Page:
SB – For the most part, the directors and producers come armed with a lot of information.  They usually do their best to give us whatever they have to that point, but sometimes lines and story are being written as we’re working.  We’ve all been doing it long enough that creating the voice isn’t that hard once context has been set.  We’ll play with the voice a bit, but time is always of the essence, so we do what we can to fine tune it quickly.

AG – About how long does it take to provide a voice for a game? Is it longer when you come on to projects like BioWare’s RPGs?

SB – Again, depends on the project.  Some games I can knock out an entire performance in a couple of hours.  Companies like Bioware take their time.  The writing is precise, the team is immense and they take their time to get it right.  Most of my characters take many many sessions to record on those games as they develop and evolve.  I love that, because I feel like I’m a little bit more privy to the process.  And let’s be honest, the more sessions, the more money we make.  In the end, I’m all about quality, so if we have the luxury of time to work with a character, I feel I have the opportunity to give the gamer the most immersive experience possible.  That’s always the ultimate goal for me.

AG – What is the most difficult voice you have ever done for a video game?

SB – Wow, so many of them have been painful! For me the difficulty is more the physical toll than the performance.  Doing howling, screaming  creatures always hurts.  Characters like Brutes from Halo or fighters like Wolverine or Tank Dempsey are always painful, but viscerally rewarding at the same time.

AG – You have provided voice work for more than 200 games in your career. Are there any studios you find yourself preferring to work for, or any that you have a close relationship with?

SB – My closest relationship in a studio situation is with the director.  They’re my friends.  Some of them own studios, some of them freelance at several studios.  I wouldn’t want to name any here for fear that I’d leave some out.  Like I said, I consider them all my friends.   How do you choose favorites? 

AG – What are some of your favorite roles/characters you have provided your voice for?

SB – Also difficult to choose.  Like children, there are no “favorites.” Ones that come to mind would be some of the more recent characters like Starscream, Wolverine, Grayson Hunt (Bulletstorm), Tank Dempsey (COD), Grunt (ME II), Oghren (DragonAge)… but also there are so many from earlier years like Guilmon (Digimon), Yakky Doodle (HarveyBirdman), Spike Speigel (Cowboy Bebop), Green Goblin… the list goes on… I have to make the character du jour my favorite.  If I’m not fully invested in the character I’m working on today, I shouldn’t be voicing him.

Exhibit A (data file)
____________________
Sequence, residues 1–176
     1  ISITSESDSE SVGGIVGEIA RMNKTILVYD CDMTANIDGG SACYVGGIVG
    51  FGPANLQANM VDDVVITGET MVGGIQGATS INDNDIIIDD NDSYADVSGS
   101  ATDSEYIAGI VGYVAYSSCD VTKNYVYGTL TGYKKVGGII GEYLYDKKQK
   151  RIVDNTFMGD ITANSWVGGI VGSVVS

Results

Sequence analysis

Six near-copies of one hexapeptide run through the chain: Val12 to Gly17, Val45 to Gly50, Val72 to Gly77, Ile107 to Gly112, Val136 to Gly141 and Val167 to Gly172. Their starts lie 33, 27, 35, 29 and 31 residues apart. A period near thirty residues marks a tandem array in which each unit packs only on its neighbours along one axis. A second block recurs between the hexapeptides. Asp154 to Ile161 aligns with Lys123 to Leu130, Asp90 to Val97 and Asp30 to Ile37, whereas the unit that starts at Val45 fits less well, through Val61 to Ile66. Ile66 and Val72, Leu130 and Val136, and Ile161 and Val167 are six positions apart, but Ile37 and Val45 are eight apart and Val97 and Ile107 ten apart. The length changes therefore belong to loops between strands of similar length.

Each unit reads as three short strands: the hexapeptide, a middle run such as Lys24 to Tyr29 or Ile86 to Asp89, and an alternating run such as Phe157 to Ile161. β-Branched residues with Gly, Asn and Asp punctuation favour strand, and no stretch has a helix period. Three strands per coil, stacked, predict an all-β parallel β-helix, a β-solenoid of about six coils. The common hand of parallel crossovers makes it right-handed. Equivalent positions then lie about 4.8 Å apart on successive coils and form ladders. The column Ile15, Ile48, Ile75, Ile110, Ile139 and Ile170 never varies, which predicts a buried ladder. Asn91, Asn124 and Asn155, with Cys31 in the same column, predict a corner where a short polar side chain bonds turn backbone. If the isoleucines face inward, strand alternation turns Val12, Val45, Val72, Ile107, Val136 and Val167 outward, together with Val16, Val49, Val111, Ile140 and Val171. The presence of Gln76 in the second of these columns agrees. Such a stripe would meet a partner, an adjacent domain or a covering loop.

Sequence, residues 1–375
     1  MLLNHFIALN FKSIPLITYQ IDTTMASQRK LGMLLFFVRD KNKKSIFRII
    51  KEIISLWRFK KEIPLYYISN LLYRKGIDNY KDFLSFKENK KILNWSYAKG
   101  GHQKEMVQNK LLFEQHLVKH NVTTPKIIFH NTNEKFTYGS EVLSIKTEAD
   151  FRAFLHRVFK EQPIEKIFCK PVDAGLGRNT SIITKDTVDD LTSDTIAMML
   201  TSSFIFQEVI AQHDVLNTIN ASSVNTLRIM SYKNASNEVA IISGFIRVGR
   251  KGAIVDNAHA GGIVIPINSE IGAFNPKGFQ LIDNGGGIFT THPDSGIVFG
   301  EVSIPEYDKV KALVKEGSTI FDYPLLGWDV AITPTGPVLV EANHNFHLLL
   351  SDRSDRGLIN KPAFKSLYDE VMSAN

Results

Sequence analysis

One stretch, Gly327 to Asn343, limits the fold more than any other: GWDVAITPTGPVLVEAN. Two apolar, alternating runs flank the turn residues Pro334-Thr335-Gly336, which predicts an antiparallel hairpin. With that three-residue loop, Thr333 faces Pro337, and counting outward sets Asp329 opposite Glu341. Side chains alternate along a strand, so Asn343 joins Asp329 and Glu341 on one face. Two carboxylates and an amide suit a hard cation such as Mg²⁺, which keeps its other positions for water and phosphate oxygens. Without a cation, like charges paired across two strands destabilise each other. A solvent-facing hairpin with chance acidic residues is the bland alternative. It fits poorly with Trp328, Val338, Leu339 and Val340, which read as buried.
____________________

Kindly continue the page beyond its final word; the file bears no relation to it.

AG – Do you play any of the games you’ve acted for? Are there any you regret acting for after playing them?

SB – Sadly I’m not a gamer.  Happily, because of that, there is no regret.  I don’t choose the takes they use, and in most cases I do three or many more takes per line, so if a performance sucks, I can always blame it on them choosing the wrong take.  I just do the best I can with what I have to work with and leave it at the studio and move on to the next project.  It’s the only way to maintain any semblance of sanity. 

AG – Do you have any projects you’re working on right now that you would like to share?

SB – Gamewise, other than Guild Wars 2 – I’m sworn to secrecy under SEVERE penalties, so no – but there’s a buttload of games I’ve worked on coming out very soon.  I am working on a new little kids’ version from the Transformers universe called RescueBots.  It’s a gentler intro to the genre for youngsters.  Pretty fun and great cast.  Sneaks December 17 and officially begins early 2012.  Still working on Transformers Prime, Naruto, X-Men Anime, the Regular Show and many others, so stay tuned.  Recent game releases include Arkham City, Saints Row III, COD MW3, SWTOR…I try to do little Twitter blasts as I’m allowed to (@blumspew), on Facebook or on my website at steveblumvoices.comIMDb always seems to know what I’m doing before I do…

AG – Thank you very much for agreeing to this interview! Are there any last words you have for the readers before we wrap up?

SB – My pleasure, bub, and yes…  Thank you guys and girls for playing, watching, listening.  Without you, I’d be unemployed and I never forget that.  See ya on the battlefield.  Play nice.  Bang.

 

About Stephen Crane

Stephen was hooked by the NES at a very young age and never looked back. He games on a daily basis and is currently trying to climb his way up the ranked ladder on League of Legends! Outside of the video game world he actually likes running and owns a rapidly growing collection of toed shoes. Stephen Crane is the owner of Armed Gamer.